Building a stamped concrete patio increases the value of your home and provides a stylish outdoor living space. Stamped concrete is a low-maintenance material that takes on the look of a brick surface. Creating a stamped concrete patio is a do-it-yourself project that homeowners with little to no experience can successfully complete over a few short days.
Prepare the base for pouring a concrete patio by excavating by at least 8 inches. Pour 4 inches of crushed rock over the excavated site and compact it with a plate compactor machine. Add another 4 inches of gravel and compact the site again until it is completely hard and doesn’t shift. Set wire mesh over the base for the patio.
Mix concrete in a wheelbarrow with 1 part cement mix, 1 part sand and enough water to make a brownie-like texture. Use a trowel to spread the concrete over the wire mesh and smooth it with the trowel or a floater. Wait 15 minutes to an hour for the surface moisture to dry.
Set the concrete stamp over the concrete and press it into the wet concrete 3/4-inch to 1 inch deep.
Lift the stamp by the handles and press it into a new section of concrete, aligning the stamp to continue the stamped line patterns.
Place sheets of plastic over the stamped concrete to protect it from debris as it dries.
Deep clean the concrete surface with a degreaser, and allow it to dry for approximately 24 hours. Touch the stamped concrete surface to ensure that it's completely dry, and begin working when the temperature is between 50 F and 90 F.
Tape off any areas that you do not want to color, such as the perimeter of the house.
Sweep the concrete surface with a broom immediately before applying the sealant to ensure that no particles have fallen on it.
Mix the sealer completely. Paint an inconspicuous sample area of the concrete first to ensure that you like the new color. Allow the color to dry.
Use a paintbrush to work the sealer into corners and edges. Spray the sealer in an even coat onto the concrete using the garden sprayer. If the sealer color bleeds, use xylene or paint thinner to correct the problem.
Allow the sealer to dry for 12 hours. In driveways or heavy traffic areas, allow the sealer to dry for 72 to 96 hours.
Blow dust and debris from the driveway with a leaf blower.
Wash the surface with a soap and water solution and a push broom. Rinse the surface with the garden hose. A pressure washer can be used to clean heavily soiled surfaces.
Allow the driveway to dry for 24 hours, as the sealer will not adhere to a damp surface.
Pour sealer into a paint tray. Dip the roller into the sealer, coating all sides of the roller pad. Roll the pad across the top edge of the paint tray to remove excess sealer.
Roll the sealer onto the driveway surface, working in 2-by-4-foot sections at a time. Overlap sections to get complete coverage.
Apply a second coat when the first coat is no longer tacky to the touch.
Wait a minimum of 24 hours before walking on the surface. Wait an additional day or two before driving a vehicle on it.
Apply sealer to the concrete annually after it has been pressure-washed and dried completely. For best results, do not apply sealer in cold weather (less than 50 degrees F) or hot weather (more than 90 degrees F).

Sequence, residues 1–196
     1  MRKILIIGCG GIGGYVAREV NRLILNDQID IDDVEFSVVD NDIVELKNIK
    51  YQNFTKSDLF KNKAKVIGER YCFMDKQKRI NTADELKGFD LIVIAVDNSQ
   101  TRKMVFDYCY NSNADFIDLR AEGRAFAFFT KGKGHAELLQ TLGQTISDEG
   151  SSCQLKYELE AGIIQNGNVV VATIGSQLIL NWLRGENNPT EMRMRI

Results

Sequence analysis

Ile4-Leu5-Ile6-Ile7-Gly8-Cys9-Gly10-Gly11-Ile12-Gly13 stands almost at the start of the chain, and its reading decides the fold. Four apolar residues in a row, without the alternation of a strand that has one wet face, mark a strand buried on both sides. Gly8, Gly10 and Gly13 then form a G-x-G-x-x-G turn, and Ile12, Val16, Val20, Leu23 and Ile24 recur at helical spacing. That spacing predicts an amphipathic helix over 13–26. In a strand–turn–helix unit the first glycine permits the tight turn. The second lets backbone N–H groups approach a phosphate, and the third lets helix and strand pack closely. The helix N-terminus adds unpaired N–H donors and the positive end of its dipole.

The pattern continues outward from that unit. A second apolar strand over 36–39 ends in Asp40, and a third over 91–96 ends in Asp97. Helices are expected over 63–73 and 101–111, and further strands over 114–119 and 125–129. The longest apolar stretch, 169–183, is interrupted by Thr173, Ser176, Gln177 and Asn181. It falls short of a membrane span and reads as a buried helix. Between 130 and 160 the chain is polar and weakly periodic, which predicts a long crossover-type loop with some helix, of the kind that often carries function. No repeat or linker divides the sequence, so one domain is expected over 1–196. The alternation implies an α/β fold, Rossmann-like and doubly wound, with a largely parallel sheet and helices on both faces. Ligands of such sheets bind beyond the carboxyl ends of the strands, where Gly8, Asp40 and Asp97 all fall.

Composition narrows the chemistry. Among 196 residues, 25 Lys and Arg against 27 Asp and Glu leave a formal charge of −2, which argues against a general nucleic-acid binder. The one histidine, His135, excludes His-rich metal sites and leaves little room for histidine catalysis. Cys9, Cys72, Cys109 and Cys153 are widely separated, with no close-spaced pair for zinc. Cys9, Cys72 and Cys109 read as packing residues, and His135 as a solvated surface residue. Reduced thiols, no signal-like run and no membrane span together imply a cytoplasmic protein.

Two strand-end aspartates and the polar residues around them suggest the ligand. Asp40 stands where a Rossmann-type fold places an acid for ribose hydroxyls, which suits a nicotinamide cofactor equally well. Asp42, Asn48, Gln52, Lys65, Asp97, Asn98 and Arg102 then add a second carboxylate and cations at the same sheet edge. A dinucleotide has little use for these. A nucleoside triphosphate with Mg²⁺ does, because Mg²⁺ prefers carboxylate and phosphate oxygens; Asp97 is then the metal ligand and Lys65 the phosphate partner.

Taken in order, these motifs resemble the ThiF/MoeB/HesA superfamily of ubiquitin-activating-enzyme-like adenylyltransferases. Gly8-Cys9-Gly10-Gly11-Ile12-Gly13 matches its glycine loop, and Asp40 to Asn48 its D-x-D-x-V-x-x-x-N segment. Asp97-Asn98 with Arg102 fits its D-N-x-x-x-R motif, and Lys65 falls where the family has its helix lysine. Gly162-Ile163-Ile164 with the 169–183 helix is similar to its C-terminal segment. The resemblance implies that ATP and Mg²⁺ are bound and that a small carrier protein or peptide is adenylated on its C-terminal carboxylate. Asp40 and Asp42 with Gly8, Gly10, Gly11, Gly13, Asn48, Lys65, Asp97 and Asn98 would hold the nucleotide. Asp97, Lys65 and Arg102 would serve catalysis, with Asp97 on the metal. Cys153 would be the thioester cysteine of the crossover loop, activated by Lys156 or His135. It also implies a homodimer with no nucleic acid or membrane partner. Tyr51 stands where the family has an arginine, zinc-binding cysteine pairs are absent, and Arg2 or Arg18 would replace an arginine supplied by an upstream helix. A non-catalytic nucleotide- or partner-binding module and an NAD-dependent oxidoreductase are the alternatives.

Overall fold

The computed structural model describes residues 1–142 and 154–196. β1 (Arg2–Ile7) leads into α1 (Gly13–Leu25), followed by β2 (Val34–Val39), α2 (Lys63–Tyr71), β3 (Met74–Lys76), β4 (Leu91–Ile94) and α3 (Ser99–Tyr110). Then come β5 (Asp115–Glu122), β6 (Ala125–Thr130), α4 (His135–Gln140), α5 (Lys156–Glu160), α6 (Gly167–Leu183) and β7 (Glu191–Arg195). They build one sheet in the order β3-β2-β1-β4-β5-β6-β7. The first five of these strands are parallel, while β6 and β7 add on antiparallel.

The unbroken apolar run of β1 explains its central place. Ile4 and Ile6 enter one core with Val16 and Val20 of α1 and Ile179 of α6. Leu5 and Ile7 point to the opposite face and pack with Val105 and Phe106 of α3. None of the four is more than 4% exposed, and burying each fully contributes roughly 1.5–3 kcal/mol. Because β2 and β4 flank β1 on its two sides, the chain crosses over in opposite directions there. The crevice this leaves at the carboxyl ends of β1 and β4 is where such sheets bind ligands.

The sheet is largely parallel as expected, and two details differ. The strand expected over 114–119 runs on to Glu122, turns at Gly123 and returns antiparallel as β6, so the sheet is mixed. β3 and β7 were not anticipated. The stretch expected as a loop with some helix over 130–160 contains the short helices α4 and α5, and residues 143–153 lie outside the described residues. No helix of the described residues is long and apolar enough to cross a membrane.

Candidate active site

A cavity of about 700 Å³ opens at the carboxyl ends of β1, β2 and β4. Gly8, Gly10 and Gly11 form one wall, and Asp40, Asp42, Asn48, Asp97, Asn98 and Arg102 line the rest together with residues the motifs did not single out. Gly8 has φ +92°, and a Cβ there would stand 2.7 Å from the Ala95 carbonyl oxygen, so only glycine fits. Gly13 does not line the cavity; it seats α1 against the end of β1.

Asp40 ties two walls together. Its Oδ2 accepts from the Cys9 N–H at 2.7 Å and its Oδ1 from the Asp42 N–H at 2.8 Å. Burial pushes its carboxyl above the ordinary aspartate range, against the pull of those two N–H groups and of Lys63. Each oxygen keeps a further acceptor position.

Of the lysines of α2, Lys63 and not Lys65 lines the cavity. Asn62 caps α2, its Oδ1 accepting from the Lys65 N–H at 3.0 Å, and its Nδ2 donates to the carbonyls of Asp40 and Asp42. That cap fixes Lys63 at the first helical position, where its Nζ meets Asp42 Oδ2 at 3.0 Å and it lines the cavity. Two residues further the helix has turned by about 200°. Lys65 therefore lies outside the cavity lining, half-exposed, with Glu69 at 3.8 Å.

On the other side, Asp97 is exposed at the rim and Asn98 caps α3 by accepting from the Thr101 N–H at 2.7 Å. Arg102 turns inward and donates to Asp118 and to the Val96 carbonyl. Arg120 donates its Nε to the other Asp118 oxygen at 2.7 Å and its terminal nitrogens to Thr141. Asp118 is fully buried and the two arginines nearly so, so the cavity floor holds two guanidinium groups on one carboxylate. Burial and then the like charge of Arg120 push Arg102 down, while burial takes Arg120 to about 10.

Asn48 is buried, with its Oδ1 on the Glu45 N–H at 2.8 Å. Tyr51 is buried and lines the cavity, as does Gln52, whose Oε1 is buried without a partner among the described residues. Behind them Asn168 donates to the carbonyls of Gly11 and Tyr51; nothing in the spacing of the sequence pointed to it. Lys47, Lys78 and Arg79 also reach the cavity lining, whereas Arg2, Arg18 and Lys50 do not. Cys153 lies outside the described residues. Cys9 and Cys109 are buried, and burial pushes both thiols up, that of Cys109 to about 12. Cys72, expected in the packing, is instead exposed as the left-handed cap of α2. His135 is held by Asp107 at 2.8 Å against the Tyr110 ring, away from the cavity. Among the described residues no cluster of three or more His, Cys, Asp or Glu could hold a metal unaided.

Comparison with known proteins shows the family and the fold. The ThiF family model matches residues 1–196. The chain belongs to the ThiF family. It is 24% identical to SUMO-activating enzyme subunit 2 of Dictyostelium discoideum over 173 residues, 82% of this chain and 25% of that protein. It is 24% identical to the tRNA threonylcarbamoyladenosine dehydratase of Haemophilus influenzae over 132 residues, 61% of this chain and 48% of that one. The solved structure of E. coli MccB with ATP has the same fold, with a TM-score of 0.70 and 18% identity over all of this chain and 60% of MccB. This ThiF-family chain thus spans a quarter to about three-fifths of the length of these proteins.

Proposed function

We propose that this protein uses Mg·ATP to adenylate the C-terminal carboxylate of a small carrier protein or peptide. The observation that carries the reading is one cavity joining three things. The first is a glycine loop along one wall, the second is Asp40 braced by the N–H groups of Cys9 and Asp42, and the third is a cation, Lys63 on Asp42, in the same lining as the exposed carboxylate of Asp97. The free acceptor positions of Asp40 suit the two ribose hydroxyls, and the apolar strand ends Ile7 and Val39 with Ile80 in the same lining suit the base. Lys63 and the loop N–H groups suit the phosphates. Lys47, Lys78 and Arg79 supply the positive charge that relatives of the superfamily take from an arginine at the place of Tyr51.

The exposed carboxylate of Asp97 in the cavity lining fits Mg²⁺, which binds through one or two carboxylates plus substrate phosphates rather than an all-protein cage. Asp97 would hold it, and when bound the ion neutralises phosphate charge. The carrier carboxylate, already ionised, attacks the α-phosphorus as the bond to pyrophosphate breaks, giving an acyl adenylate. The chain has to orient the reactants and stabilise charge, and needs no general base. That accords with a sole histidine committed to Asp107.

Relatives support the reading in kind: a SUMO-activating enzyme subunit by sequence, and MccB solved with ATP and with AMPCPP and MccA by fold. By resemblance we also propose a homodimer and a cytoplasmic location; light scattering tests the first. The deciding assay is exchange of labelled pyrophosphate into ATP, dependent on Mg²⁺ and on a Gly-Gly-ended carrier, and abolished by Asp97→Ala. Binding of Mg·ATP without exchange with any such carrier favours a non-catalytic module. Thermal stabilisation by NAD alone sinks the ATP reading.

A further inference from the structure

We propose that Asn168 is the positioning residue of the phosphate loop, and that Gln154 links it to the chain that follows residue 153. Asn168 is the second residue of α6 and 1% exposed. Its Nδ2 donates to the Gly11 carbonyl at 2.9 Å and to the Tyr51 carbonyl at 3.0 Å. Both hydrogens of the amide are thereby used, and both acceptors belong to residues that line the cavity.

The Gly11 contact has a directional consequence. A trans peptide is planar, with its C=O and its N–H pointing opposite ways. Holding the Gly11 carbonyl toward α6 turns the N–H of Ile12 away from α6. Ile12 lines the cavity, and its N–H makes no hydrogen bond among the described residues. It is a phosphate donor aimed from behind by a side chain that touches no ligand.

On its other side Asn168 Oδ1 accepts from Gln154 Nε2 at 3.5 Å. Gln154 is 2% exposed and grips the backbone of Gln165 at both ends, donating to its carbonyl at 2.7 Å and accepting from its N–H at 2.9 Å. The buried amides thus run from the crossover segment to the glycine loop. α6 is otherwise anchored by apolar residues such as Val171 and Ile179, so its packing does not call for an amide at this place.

Sweep the concrete periodically to avoid any buildup of dirt and debris.
Pressure-wash outdoor concrete as needed to remove any dirt and debris that may get stuck in cracks and crevices. For indoor stamped concrete, mopping with a wet mop and the occasional dust mop to remove loose dust and dirt is all that is needed.
Use a mild detergent in water with a medium-bristle brush to scrub away any stains instead of pressure washing.
Apply a coat of floor wax or polish to provide extra protection in areas that are heavily trafficked.
Stamped concrete is a way to dress up plain concrete slabs with patterns that resemble stone and brick. The design is stamped into the concrete after it has been poured but before it has begun to harden. Many times the concrete will also be tinted to mimic the color of brick or stone.
Pavers are small, individual, brick-like pieces that are made into geometric shapes or designed to look like stones.
Concrete is not as durable as pavers. Because the concrete pieces are larger, it is easier for them to crack. Pavers have many joints (because the pieces are smaller), so they give more when heavy weights move over them, which you want in a driveway material. Pavers have a more-limited selection of designs and colors than stamped concrete.
At first glance, stamped concrete and paver stones can look the same. It is only on closer examination that you might notice that all of the joints don't go completely through the stamped concrete or perhaps the stamped concrete might have more cracks in it.
Concrete usually has a lower cost per square foot. If you are on a budget, that makes this the affordable material to use in paving a driveway.
Concrete is harder to repair. If you simply patch a crack, it will probably be a different shade; if you replace the cracked section, you will be replacing a large piece. Pavers won't crack as often, but if they do, you only have to replace the unit that is broken. The high number of joints with pavers allow for good drainage of water and snow off the driveway.